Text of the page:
We’ve all heard a lot about GDPR, but if you’re in the Financial Services industry, you’re probably aware of NYDFS compliance. NYDFS is actually the regulatory body (New York State Department of Financial Services) and in particular we’re concerned about the NYDFS Cybersecurity Regulation.
The regulation is “designed to promote the protection of customer information as well as the information technology systems of regulated entities and requires each company to conduct a risk assessment and then implement a program with security controls for detecting and responding to cyber events.”
Unfortunately, financial services often rely on many interrelated systems that have been growing for decades, making it difficult to assess, audit and apply consistent security across all systems.
Cloudentity has a unique combination of Identity Management and MicroPerimeter™ Security which help address some of the key areas for NYDFS compliance. In particular, let’s look at Risk Assessments, Audit Trails, Access Privileges, Incident Response Planning and MFA:
Companies are required to periodically conduct risk assessments that will be used to assess “confidentiality, integrity, security and availability of the IT infrastructure and PII.” (Section 500.09)
Assessing risk requires understanding who, and more importantly, what, is able to interact with APIs, workloads and data. This means assigning an identity to everyone and everything (no general service accounts) and understanding what those people and things are allowed to access with clear security policies.
When there is breach, the regulations require a clear audit of what was accessed and by whom. (Section 500.06)
With the explosion of microservices and the interaction of legacy systems with those services, it’s often difficult to understand what actually happened in a breach, which then leads to organizations having disclose the potential number of records that may have been accessed, even if it’s unclear how much data was actually exposed.
See MicroPerimeter™ Security Visibility for how Cloudentity not only provides end-to-end transaction logging with an immutable audit trail, but how we can detect traffic patterns that were otherwise unknown and un-auditable.
PII access must be restricted and the rules need to be reviewed. (Section 500.07)
Cloudentity’s Permission Service provides one of the most granular sets of access rules available. By creating a user managed set of rules for who gets to see personal information, this service adds consent to access rules, meaning individual records should not be exposed without express permission.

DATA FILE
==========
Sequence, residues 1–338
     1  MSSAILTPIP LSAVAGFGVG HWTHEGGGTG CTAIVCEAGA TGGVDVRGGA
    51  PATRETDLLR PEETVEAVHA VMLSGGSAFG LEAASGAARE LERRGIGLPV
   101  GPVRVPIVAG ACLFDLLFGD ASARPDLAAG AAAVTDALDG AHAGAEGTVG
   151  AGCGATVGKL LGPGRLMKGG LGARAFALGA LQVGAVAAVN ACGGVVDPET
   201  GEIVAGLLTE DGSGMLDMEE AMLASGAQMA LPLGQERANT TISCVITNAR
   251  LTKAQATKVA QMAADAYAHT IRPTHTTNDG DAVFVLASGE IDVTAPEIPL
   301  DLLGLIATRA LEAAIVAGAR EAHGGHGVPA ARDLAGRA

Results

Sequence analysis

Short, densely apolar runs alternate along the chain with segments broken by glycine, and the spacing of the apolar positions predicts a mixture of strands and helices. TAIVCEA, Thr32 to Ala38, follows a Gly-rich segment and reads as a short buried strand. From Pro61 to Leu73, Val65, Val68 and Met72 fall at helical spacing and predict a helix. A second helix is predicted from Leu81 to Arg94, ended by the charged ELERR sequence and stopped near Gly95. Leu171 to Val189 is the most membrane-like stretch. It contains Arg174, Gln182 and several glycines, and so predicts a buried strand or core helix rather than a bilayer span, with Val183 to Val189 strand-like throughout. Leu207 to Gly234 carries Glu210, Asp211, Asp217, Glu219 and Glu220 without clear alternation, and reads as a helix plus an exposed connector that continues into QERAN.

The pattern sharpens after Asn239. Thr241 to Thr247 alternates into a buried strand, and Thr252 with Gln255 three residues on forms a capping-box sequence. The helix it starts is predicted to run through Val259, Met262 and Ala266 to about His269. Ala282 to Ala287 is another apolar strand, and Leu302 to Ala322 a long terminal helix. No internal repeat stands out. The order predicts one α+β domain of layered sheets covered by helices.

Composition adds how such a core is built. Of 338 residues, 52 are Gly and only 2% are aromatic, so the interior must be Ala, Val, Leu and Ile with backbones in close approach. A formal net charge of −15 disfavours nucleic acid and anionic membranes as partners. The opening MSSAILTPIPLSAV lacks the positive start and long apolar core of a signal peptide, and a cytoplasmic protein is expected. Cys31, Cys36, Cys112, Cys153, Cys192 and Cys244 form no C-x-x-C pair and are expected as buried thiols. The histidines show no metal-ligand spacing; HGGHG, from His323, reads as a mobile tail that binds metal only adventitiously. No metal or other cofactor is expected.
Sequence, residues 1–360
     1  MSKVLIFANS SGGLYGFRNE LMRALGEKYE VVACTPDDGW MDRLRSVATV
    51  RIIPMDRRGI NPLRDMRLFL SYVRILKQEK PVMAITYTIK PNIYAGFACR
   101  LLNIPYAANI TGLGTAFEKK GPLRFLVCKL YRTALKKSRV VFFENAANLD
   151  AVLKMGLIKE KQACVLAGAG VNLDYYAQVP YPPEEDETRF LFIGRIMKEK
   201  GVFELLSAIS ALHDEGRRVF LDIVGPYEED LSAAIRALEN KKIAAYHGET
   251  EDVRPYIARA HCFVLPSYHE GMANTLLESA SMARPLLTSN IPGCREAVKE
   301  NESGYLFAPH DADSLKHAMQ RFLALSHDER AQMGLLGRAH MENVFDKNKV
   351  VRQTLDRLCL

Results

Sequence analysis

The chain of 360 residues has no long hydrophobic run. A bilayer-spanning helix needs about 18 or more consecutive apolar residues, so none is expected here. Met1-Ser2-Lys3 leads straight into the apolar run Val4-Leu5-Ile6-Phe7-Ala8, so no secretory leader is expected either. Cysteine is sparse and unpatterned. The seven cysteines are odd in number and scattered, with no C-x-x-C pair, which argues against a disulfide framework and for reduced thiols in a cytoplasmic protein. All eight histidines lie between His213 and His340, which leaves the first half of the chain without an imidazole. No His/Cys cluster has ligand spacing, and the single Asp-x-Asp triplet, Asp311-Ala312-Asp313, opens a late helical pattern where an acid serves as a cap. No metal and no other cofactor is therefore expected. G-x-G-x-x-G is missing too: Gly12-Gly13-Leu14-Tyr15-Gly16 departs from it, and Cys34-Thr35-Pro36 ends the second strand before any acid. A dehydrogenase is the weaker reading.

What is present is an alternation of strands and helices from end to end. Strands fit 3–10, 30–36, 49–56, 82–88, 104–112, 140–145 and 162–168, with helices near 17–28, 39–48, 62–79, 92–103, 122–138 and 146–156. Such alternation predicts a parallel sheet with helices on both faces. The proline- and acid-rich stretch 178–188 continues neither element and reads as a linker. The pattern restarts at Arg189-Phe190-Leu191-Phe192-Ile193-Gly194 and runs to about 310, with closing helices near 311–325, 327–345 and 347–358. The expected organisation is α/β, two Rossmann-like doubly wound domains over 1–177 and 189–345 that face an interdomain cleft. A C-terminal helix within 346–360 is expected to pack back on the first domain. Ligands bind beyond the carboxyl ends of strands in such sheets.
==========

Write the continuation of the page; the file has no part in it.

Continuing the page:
Incident Response Plan
Organizations are required to develop a written plan to document internal processes for responding to cybersecurity events, including communication plans, roles and responsibilities, and necessary remediations of controls as needed. (Section 500.16)
Part of responding to an incident involved understanding the security architecture of your organization. Unfortunately, there are a lot of different security systems with their own architecture, their own rules, and different owners.
Cloudentity helps solve this frankencode nightmare by integrating security into the DevOps pipeline, or DevSecOps. By separating security from code, and at the same time including it as part of the CI/CD pipeline, security systems, access rules, and enforcement become consistent across the enterprise, making it easier to develop an Incident Response plan, and less likely that the 2AM scramble will result in even more breaches.
See Embedding Security in your CI/CD Pipeline for more information.
The regulations require MFA for any individual access the internal network, “to protect against unauthorized access to Nonpublic Information or Information Systems.” (Section 500.12)
Quite often the internal systems are the least protected, assuming VPN or IP whitelisting is sufficient to attest that the access is from an internal employee. APIs in particular often do not require MFA as OAuth doesn’t specifically support it.
Cloudentity integrates MicroPerimeter™ enforcement with CIAM to specifically assess the MFA status of the current token; this can be based on a timeframe since the last MFA activity was executed and can be different for different services, so high-value, Nonpublic Information can be secured with MFA but other systems may not require it, even with OAuth and OIDC.
See CIAM Integration for more details.
While regulations like NYDFS Cybersecurity and GDPR seem to be creating daunting logistical nightmares for companies in the digital age, there is a path out of the wilderness to creating more manageable, cleaner systems without having to completely “rip and replace” existing infrastructure.
Contact us if you have any questions – we’re happy to help you navigate these issues with real-world solutions.